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Nurserys and Epipens

(5 Posts)
bluebear Mon 09-May-05 21:17:52

Our son has been given a couple of epipens for a severe allergic reaction. He usually goes to a private (i.e. not school) nursery a few days a week, but they have refused to let him attend until I have arranged some kind of tutoring session for all of their staff with a health professional to teach them how to use the epipen.

Are all nurseries like this?

I assumed that with so many children with allergies, that nurseries would have this training as part of the First Aid cover - in fact one of the nursery staff told me that she had been on a recent training course that covered epipen use but she would be 'too scared to use one' (and she's the 'Head of the room')

tatt Tue 10-May-05 06:18:30

Sadly its not unusual to find people who are terrified of using an epipen - there was one on my daughter's last school trip although we didn't find that out until a few minutes before she left . Usually this improves with training. Try to be there for the training if you can as sometimes the trainers can be OTT. Our school nurse terrfied me talking about the length of the needle as if it was massive - it isn't.

Were you given a trainer pen - I find mine invaluable? We got one from the school nurse and one from the anaphylaxis campaign but maybe your hv could get you one as she sounds like a treasure Also the anaphylaxis campaign will sometimes have a local volunteer who will come with you to talk to the nursery and help you train them. Keep your epipens when they are out of date and use them to demonstrate with an old orange or apple (safely disposed of afterwards of course).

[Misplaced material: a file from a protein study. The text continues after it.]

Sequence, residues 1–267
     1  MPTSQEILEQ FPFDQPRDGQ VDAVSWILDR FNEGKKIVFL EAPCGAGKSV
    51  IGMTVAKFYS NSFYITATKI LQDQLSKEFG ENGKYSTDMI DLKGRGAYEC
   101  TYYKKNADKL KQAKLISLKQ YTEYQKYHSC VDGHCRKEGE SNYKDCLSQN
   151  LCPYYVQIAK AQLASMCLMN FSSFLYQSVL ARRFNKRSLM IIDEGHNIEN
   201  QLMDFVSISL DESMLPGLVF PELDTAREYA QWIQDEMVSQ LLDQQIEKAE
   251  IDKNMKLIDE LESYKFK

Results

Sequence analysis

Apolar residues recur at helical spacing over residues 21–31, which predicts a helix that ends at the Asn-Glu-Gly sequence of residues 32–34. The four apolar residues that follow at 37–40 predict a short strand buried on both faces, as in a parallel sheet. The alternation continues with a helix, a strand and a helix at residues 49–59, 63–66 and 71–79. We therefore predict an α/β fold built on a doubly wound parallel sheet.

The anaphylaxis campaign produced a very good video. Don't know what training you had but it was better than the training we got. However the guidance on using the pen is changing and I don't know if the video is available as it had to be updated. Insurers sometimes (always?) require staff to be trained before they are protected against misuse.

bluebear Tue 10-May-05 08:35:54

Thanks Tatt. We haven't been given any training, just told to 'read the instructions' by the GP.
The pharmacist told us to try to contact the manufacturers and ask for a dummy pen.

At the moment we are hoping that the HV will persuade a school nurse to tutor at the nursery - but I'll give the anaphylaxis campaign a ring to see if they still have the video or an updated one..

tatt Tue 10-May-05 09:26:09

bluebear you may want to download a copy of the government advice for providers about handling medical needs. Its not available via the dfes site but you can get it here


http://www.dh.gov.uk/PublicationsAndStatistics/Publications/PublicationsPolicyAndGuidance/PublicationsPolicyAndGuidanceArticle/fs/en?CONTENT_ID=4108489&chk=nFVE2/

Paragraphs 77, 133 and Chapter 5 182 on especially useful. Its the employers responsibility to ensure staff are properly trained and early year training should now cover this. If you want your child back there Disbaility legislation may apply to those with severe allergies but I don't think anyone has yet tested it - the threat does scare most places into being more amenable though despite that I've always found it easier just to contact someone (like a school nurse) and arrange the training myself.

Been checking it out myself for the comments on minimising rsik for allergic children..... I am still fuming though the daughter has her own biscuits today.

Portree Tue 10-May-05 14:08:56

Ds was issued with his via the paed at hospital but it was a Community Nurse who talked me through how to use it. She said for me to contact her if other family members or childcare providers needed any training and that she or one of her team would go and visit them in-situ. She said they regularly go to schools, nurseries etc. Maybe you could contact the Community Nurse at your nearest children's outpatients.

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